No lawn-watering for some? Costs outlined under Dungeness water rule
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Dave LeRoux of Discovery Trail Farm, right, questions Bob Barwin of the state Department of Ecology about the mitigation certificate now required of developers under the recently enacted Dungeness water rule during a meeting on the new rule Thursday at John Wayne Marina on Sequim Bay. -- Photo by Joe Smillie/Peninsula Daily News

By Joe Smillie
Peninsula Daily News

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SEQUIM –– Property owners in much of rural East Clallam County who want to drill new wells to build homes will have to spend an additional $1,000 if they want to water their lawns under the recently enacted Dungeness Water rule — and some won’t be able to at all.

Property owners must purchase water-mitigation certificates to drill new wells or use water from existing wells for new purposes from the Washington Water Trust under the state Department of Ecology rule.

Those who drill wells or use existing water rights to provide water to their property also will need to install meters on the wells to measure how much water is being used.

Some who live in certain areas won’t be able to get water for more than indoor use.

Landowners now using existing wells are exempt.

The process for obtaining mitigation credits, which had not been determined when the rule came into effect Jan. 2, was presented during a Thursday night workshop at the John Wayne Marina.

Scores of people packed the meeting room to hear from the Washington Water Trust, Ecology and Clallam County how the new rule will affect the way they use water on their land.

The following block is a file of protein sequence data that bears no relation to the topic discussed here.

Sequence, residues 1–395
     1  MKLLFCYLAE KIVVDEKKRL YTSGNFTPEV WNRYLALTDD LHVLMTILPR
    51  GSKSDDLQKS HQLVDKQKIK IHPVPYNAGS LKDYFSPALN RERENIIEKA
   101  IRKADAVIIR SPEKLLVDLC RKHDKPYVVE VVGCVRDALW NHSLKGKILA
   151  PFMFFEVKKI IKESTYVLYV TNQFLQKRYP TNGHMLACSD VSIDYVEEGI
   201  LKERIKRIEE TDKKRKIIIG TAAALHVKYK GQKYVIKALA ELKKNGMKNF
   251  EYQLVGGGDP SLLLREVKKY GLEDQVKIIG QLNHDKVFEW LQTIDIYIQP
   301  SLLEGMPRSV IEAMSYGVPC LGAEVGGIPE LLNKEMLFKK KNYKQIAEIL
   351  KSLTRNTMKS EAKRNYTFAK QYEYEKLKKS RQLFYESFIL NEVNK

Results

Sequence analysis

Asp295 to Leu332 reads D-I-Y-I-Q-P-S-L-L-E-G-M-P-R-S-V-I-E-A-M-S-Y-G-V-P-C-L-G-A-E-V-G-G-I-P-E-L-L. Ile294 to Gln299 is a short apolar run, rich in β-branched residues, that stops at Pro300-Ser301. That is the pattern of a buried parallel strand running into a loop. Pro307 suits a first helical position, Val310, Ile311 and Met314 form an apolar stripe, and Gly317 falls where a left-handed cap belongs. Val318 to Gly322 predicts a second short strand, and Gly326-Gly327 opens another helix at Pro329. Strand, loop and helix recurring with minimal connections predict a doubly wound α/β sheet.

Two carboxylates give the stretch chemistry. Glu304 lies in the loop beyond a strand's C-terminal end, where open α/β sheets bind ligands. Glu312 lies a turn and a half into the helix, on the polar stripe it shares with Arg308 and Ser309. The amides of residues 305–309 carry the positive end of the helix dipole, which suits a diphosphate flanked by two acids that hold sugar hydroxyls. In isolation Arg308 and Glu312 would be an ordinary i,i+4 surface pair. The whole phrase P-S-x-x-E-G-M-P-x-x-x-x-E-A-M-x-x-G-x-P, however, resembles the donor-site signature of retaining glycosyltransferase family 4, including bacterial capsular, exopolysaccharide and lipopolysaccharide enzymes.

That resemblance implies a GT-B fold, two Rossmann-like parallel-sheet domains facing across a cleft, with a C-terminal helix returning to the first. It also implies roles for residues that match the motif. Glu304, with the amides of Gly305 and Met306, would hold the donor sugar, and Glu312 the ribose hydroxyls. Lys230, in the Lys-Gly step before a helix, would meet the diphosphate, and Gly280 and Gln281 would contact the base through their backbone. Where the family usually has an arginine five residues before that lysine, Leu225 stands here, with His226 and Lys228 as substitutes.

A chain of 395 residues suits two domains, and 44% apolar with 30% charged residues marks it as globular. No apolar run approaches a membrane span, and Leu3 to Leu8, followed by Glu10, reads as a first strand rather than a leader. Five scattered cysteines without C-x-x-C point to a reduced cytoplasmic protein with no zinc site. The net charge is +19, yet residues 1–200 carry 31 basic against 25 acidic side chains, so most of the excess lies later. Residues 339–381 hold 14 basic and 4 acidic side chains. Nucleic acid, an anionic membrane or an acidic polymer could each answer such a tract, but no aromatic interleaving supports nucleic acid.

Sheila Roark Miller, director of Clallam County’s Department of Community Development, moderated.

Roark Miller’s department issues building permits and also will obtain mitigation certificates from the water trust for landowners.

The office in the Clallam County Courthouse at 223 E. Fourth St., Suite 5, is open from 8:30 a.m. to 4:30 p.m. Mondays through Fridays.

Bob Barwin of Ecology said the new costs and metering system are intended to preserve usable water in the Dungeness River watershed, an area between Bagley Creek on the west and Sequim Bay on the east.

The goal, said Tom Loranger, Ecology’s deputy manager of water resource programs, is to maintain a minimum flow in the Dungeness River of 105 cubic feet per second.

Owners of a large portion of land in the southern portion of the watershed will not be able to acquire water for outdoor use, though they can obtain water for indoor domestic use.

“If you’re pumping a well in any one of these areas, you’re affecting more than one stream,” Barwin told the crowd about the areas that include parts of such streams as Siebert, Matriotti, Bear, Caracco and Canyon creeks, as well as others.

Barwin’s message was not warmly received.

“Ecology sucks,” exclaimed Sequim native Pearl Rains Hewett.

Landowners can check the status of their parcels at to see if they need a mitigation certificate, if their land is outside the irrigation zone or if they have to tap into a public water system.

Builders who have the ability to tap into one of the 20 public water systems in the watershed will have to do so, said Tom Shindler, permit center manager for Clallam County.

Those systems primarily would be the city of Sequim and the Clallam County Public Utility District, which can distribute water under senior water rights.

Revenue from the mitigation certificates will be traded for water rights in the Dungeness Water Exchange.

Amanda Cronin, Washington Water Trust project manager, said money will be used to fund projects to enhance water levels within the watershed.

Ecology reserved water rights for the water exchange to sell to builders.

Cronin said the water trust is working with the Sequim-Dungeness Agricultural Water Users Association to secure senior water rights that will be available in the exchange in the future.